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People v. Ellis

OPINION FILED DECEMBER 4, 1978.

THE PEOPLE OF THE STATE OF ILLINOIS, APPELLANT,

v.

MORRIS ELLIS, APPELLEE.



Appeal from the Appellate Court for the First District; heard in that court on appeal from the Circuit Court of Cook County, the Hon. Harry G. Comerford, Judge, presiding.

MR. JUSTICE CLARK DELIVERED THE OPINION OF THE COURT:

Rehearing denied January 25, 1979.

The defendant, Morris Ellis, was convicted of two misdemeanor violations of the Election Code (Ill. Rev. Stat. 1973, ch. 46, pars. 29-11, 29-12) in a bench trial in the circuit court of Cook County. He was fined $100 for each conviction. The appellate court found the evidence insufficiently supported the convictions and reversed. (47 Ill. App.3d 596.) We allowed the People leave to appeal. (65 Ill.2d R. 315.) The parties agree the issue is whether the evidence was sufficient to establish guilt beyond a reasonable doubt.

During the primary election day of March 19, 1974, the defendant was a poll watcher. Among others who were at the polling place at 919 West Montrose Avenue in Chicago on that day were the two complainants, Patricia Fust, a Republican election judge, and Marion Clough, a Democratic election judge. On complaint of Fust, the defendant was arrested. Fust's original complaint was "nolle prossed" on motion of the State and three new ones filed. One of those was dismissed. The other two are germane to this appeal. The first, over Fust's signature, charged the defendant with failure to comply with an order of the election authority in that he continued to "electioneer" in the polling place after being told to stop, in violation of section 29-11 of the Election Code (Ill. Rev. Stat. 1973, ch. 46, par. 29-11). The second complaint, over Clough's signature, charged the defendant with disregard of the Election Code (Ill. Rev. Stat. 1973, ch. 46, par. 29-12) in that he "knowingly solicited votes within the polling place" in violation of section 17-29 of the Election Code (Ill. Rev. Stat. 1973, ch. 46, par. 17-29). Section 29-11 of the Election Code provides:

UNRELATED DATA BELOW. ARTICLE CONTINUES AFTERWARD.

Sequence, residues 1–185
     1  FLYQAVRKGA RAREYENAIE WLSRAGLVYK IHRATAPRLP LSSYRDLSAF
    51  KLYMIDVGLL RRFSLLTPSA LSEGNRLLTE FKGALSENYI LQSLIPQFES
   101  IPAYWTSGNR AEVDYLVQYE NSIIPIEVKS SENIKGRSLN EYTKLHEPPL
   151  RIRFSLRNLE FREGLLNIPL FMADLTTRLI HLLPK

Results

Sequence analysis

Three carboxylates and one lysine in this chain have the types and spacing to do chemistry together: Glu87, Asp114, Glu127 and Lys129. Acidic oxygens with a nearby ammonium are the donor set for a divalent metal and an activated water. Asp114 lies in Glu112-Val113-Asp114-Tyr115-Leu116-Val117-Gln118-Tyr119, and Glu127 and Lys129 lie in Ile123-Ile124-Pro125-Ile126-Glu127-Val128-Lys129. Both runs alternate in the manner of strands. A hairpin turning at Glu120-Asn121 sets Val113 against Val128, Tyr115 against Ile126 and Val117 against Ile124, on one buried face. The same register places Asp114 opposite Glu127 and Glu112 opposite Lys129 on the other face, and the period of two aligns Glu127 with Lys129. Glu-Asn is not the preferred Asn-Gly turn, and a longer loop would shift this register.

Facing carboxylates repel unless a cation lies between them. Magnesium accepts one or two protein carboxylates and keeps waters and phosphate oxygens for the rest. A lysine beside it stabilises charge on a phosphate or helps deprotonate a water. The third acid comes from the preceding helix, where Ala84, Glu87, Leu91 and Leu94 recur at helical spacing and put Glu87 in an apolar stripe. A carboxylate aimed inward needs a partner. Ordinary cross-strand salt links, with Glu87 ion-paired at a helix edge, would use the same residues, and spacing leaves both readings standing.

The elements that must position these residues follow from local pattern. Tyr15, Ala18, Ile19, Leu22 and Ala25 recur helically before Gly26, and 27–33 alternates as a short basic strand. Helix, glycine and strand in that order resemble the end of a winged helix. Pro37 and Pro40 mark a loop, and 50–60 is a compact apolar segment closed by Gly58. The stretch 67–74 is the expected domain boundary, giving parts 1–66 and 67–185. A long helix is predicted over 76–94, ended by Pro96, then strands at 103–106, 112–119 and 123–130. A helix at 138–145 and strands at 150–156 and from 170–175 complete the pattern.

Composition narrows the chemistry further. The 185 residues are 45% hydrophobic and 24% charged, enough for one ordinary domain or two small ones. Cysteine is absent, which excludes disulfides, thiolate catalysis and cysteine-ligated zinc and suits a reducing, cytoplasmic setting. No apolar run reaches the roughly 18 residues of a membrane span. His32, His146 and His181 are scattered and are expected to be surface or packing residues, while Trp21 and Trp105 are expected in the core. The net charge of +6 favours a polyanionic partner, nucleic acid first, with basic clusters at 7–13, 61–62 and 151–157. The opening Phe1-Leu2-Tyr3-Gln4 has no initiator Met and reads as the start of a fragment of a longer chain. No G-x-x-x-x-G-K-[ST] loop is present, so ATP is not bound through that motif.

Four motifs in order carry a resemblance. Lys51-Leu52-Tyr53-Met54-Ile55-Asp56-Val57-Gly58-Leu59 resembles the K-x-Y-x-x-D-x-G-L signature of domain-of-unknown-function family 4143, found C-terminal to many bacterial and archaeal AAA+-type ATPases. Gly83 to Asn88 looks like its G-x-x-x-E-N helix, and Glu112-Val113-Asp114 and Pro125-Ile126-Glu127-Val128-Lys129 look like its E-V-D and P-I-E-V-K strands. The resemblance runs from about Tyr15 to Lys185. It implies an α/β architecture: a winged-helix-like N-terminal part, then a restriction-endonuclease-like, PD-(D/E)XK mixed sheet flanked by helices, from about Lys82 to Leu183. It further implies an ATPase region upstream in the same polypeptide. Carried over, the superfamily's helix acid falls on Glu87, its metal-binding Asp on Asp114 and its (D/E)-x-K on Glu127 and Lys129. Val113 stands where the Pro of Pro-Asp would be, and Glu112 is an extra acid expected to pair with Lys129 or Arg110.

"Any person who knowingly fails or refuses to comply with any lawful order of an election authority issued by the election authority in the performance of the duties of the election authority, shall be guilty of a Class A misdemeanor."

Section 29-12 is:

"Any person who knowingly (a) does any act prohibited by or declared unlawful by, or (b) fails to do any act required by, this Code, shall, unless a different punishment is prescribed by this Code, be guilty of a Class A misdemeanor."

Section 17-29 provides:

"No judge of election, challenger, or other person shall, at any primary or election, do any electioneering or soliciting of votes or engage in any political discussion within any polling place or within 100 feet of any polling place; no person shall interrupt, hinder or oppose any voter while approaching within 100 feet of any polling place for the purpose of voting. Judges of election shall enforce the provisions of this Section."